Christie signs ban on gay conversion

New Jersey Gov. Chris Christie has signed a bill barring licensed therapists from trying to turn gay teenagers straight.

With Christie’s signature Monday, New Jersey became the second state to ban so-called conversion therapy. The first was California.

In a note accompanying the bill, Christie says he believes people are born gay and homosexuality is not a sin. That view is inconsistent with his Catholic faith, which teaches that homosexual acts are sins.

The Republican governor also says the health risks of trying to change a child’s sexual orientation outweigh concerns over the government setting limits on parental choice.

Force feeding OKd at California prisons

A federal judge approved a request from California and federal officials Monday to force-feed inmates if necessary as a statewide prison hunger strike entered its seventh week.

Officials say they fear for the welfare of nearly 70 inmates who have refused all prison-issued meals since the strike began July 8 over the holding of gang leaders and other violent inmates in solitary confinement that can last for decades.

They are among nearly 130 inmates in six prisons who were refusing meals. When the strike began, it included nearly 30,000 of the 133,000 inmates in California prisons.

Federal aid helps more with college

With college costs continuing to rise, more students are receiving federal financial aid, though state and institutional aid remains largely flat.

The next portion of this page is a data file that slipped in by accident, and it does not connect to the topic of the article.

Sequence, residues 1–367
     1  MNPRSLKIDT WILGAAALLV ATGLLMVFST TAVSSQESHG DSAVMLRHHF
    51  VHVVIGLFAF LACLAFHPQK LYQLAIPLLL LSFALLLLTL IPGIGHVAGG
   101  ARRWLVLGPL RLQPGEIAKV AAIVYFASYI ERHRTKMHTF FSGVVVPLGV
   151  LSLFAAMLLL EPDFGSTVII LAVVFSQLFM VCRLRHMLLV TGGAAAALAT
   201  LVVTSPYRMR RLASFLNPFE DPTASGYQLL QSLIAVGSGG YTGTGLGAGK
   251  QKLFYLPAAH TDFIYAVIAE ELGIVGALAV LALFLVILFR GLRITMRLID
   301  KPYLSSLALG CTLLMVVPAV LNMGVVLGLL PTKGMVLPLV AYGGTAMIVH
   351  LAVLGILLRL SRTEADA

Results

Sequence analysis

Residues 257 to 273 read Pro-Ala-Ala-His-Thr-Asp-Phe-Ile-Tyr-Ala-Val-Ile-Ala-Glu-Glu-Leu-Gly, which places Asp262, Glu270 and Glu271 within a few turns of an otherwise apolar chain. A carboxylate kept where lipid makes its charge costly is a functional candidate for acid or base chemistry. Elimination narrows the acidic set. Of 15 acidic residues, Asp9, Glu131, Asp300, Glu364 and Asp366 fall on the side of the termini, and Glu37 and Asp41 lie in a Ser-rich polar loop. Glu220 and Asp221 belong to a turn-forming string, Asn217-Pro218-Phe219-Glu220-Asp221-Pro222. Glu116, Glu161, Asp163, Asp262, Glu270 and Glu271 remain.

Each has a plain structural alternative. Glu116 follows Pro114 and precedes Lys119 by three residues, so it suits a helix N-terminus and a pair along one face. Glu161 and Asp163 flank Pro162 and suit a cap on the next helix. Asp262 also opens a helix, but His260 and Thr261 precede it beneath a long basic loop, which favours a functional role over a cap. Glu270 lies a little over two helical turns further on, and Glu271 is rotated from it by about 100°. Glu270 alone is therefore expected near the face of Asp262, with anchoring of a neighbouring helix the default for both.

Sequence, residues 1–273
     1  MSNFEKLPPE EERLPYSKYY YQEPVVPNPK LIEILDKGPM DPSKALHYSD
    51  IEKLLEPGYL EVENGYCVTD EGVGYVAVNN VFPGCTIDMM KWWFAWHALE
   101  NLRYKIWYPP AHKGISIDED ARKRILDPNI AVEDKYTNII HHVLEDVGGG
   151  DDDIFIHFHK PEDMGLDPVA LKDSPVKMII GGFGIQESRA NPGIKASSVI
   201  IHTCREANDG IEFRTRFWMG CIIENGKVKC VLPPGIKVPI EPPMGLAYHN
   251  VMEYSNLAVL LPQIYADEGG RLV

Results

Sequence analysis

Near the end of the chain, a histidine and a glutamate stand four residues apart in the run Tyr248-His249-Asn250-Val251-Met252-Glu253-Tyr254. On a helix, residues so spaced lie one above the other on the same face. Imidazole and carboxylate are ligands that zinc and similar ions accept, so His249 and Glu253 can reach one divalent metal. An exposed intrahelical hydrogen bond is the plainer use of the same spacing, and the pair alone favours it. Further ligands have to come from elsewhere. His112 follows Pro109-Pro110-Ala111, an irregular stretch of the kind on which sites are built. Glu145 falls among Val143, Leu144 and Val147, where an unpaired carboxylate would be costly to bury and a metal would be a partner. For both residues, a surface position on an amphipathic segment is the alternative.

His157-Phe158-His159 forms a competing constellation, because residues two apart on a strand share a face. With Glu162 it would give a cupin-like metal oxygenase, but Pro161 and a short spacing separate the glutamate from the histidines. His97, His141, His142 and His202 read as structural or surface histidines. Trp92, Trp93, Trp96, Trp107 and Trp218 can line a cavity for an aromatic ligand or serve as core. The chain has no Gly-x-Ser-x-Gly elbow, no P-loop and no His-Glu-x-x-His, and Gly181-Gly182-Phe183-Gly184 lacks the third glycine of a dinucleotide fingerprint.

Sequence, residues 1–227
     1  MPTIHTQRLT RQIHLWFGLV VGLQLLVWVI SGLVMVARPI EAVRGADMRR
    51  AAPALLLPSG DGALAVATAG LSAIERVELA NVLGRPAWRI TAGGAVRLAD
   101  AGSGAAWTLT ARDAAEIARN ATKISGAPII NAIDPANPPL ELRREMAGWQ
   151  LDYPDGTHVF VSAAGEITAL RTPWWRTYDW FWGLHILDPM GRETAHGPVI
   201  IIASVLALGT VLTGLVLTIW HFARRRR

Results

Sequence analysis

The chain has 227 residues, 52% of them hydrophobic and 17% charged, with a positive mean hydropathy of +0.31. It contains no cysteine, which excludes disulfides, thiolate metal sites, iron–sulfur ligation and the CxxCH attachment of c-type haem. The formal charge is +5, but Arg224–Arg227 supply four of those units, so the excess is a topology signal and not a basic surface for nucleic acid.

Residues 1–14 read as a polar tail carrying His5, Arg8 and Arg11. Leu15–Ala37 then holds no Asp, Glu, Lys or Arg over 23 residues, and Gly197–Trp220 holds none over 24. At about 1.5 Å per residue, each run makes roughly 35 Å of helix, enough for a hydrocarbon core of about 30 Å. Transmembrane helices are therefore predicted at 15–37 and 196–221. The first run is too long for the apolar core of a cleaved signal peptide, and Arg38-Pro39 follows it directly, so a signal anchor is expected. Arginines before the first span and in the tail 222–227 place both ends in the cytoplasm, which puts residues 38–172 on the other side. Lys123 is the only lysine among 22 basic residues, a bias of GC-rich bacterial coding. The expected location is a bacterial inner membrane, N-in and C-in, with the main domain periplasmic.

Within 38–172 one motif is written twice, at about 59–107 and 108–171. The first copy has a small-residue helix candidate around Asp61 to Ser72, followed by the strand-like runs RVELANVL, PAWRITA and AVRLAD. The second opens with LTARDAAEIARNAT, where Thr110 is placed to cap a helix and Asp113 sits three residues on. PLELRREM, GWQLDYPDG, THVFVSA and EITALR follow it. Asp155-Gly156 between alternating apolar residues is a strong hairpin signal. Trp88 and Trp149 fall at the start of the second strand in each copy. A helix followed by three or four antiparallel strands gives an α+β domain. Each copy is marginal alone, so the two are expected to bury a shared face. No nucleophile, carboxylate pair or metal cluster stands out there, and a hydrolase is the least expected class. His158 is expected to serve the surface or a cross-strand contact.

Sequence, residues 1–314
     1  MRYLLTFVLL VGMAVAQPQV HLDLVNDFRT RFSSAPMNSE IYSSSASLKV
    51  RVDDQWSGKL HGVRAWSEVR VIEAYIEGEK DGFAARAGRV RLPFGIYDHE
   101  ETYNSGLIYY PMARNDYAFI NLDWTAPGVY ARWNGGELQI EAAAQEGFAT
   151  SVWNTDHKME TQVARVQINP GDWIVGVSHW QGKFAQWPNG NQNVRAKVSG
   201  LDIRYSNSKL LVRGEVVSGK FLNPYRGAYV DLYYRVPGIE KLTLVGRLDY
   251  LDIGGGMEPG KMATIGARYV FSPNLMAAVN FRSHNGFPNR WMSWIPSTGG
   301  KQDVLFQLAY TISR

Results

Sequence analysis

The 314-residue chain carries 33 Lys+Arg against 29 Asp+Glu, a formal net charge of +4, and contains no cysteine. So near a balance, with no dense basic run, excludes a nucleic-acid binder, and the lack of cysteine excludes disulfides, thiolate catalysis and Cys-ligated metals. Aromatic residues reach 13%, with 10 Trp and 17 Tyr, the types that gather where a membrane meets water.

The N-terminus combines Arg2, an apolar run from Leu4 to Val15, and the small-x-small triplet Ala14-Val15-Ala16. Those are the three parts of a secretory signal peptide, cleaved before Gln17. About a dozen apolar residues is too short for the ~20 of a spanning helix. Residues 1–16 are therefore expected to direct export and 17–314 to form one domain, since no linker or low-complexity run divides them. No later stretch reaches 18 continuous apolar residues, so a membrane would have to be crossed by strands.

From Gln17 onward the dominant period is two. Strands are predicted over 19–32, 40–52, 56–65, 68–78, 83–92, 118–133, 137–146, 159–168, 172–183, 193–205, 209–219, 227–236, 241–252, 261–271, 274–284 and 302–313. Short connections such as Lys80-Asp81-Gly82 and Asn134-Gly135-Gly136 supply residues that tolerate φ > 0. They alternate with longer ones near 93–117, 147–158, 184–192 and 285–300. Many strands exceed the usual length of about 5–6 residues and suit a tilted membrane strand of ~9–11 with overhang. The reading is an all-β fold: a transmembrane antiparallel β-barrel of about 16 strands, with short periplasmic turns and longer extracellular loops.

Data released today by the National Center for Education Statistics, a branch of the U.S. Department of Education, shows 71 percent of all undergraduate students received some type of financial aid in the 2011-12 school year, up from 66 percent four years earlier.

Forty-two percent of students received federal grants, up from 28 percent, and 40 percent received federal loans, an increase of 5 percentage points.


Pistorius indictment says killing intended

A woman screamed and then there was silence, according to South African prosecutors pressing a premeditated murder case against Oscar Pistorius.

Next, the indictment says, witnesses heard gunshots and more screaming at the home of the Paralympic champion, who says he shot his girlfriend by mistake on Valentine’s Day.

The sequence of events outlined Monday could bolster an argument that the double-amputee Olympian was intent on killing Reeva Steenkamp after an altercation and was not reacting fearfully to what he thought was an intruder, as he has said.

The athlete’s trial starts March 3 in a court in the capital of Pretoria.

Mexican vigilantes want friends freed

Members of a masked vigilante group in southern Mexico demanded Monday that the government free 44 of their colleagues arrested last week on weapons and organized crime charges, after the government accused them of using their weapons to settle internal disputes with other townspeople.

The “self-defense” group from the town of Aquila, in western Michoacan state, claim they had to take up arms to defend against the Knights Templar drug cartel.

The vigilantes said at a news conference in Mexico City that the cartel demanded to be given $54,000 that townspeople had earned from mining royalties.